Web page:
Some artwork shots from Todd Jame’s recent show at Gering Lopez Gallery new york.
Red, White and Blue
Gouache & graphite on paper
55 x 87 inches
Gouache & graphite on paper
60 x 101 inches
Leather Boy Grimace & Drill Tank.]
29 January 2010 6pm onward
29 January – 11 February 2010
Brunswick Street Gallery
322 Brunswick street Fitzroy
7 days 10am – 10pm
Light Years is a collection of works that are drawn from the artists inner
world, a dreamlike state of being.
Gods emerge in all their glory, littered with mechanical devices, costumes
and tentacles, both beautiful and dangerous. Mysterious structures, faces
and galaxies are brought forth from another dimension.
Dark and light collide and a new world is the result.
Keep checking www.LTRHDS.com/blog for more interviews leading up to the LTRHDS show.
Born 1985 in Yokohama Japan. TwoOne’s interested in art was initiated by the famed but unfortunately recently buffed 2km graffiti wall of his home town. When Two arrived in Melbourne at the age of 18 he became involved in the Melbourne street art scene and has since developed into one of the cities most prominent artists, both on the street and in galleries with The One Thousand Can show in 2008.
Two is joining the LTRHDS show with his reinterpretation of the letter T.
Last time we talked it was for your 1000 Cans show. Where has your art taken you in the meantime?
I have been involved with a few group shows. I had my second solo show So Far that included painting, sculpture, lino cut prints, and installation works in October 2009. And I have been working on a live performance project called Lo2′s Fleet with Melbourne legend mc ELF TRANZPORTER. I paint, cut wood, construct sculptures, and while doing it all I also make sound with the equipment that I use to make the visuals… So my art has taken me in lots of different directions.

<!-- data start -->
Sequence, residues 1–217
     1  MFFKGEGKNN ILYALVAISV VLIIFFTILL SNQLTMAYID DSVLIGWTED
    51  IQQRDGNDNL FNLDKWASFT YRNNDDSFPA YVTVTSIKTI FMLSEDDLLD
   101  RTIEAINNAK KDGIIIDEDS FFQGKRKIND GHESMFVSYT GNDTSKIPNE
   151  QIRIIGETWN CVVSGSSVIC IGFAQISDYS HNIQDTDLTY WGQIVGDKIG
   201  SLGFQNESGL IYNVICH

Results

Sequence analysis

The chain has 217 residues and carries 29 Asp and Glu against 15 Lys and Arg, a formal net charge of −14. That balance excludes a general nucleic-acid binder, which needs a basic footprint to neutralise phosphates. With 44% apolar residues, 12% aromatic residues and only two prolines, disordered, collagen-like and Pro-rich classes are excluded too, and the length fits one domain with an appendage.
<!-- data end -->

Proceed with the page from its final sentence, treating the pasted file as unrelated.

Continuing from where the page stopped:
There is a dreamy, zen-like quality to your work. Where do you find the inspiration for your impish little world?
I used to get lots of inspiration from my dreams, but now I get more inspiration from everyday life. It’s the world everyone sees, but everyone sees it int heir own way. I like seeing the world as it is. No expectations, no sugar coating. I don’t particularly try to make my work zen or dreamy.
Your works are an oasis of peace and balance. Do you inhabit that same bubble? Does your art insulate you from the world and its worries, or does it represent a state of being that you are striving to reach?
I’m not creating work to escape from the wold. I guess I can maybe say it is representing a state that I’m striving to reach, because when I create I try to make something that I haven’t seen before. This process is like striving to reach the next state, and normally when I start a new project I don’t know what that next state looks like.
Goldfish are a motif that keeps popping up in your work. Do you keep fish yourself? How important is your relationship with animals and nature to your work?
I don’t have fish myself, but animals and nature are very important to me, because that’s where all the life comes from. We can’t live with out them. At the same time I think that the relationship between nature and myself isn’t so important when it comes to creating. When I draw or paint them, I bring the canvas’ character out from them.
So it’s more of a relationship between canvas and nature. I think that’s because I have been working on wood a lot, wood seems to bring out more organic images in my head. I don’t know why that is or how it works. but that’s how I feel. And now I’m start to feel a soul in artificial things, stuff that’s human made.
They makes me want to do something with them. I imagine it’s more about where I channel my head… everything around you could become interesting and important.
I’m guest arts editor for this months issue of ACCLAIM mag, featuring Dalek, Usugrow, Jagi and Dante Horoiwa.
One of the 26 interviews going up with uncanny regularity on the LTRHDS exhibition blog.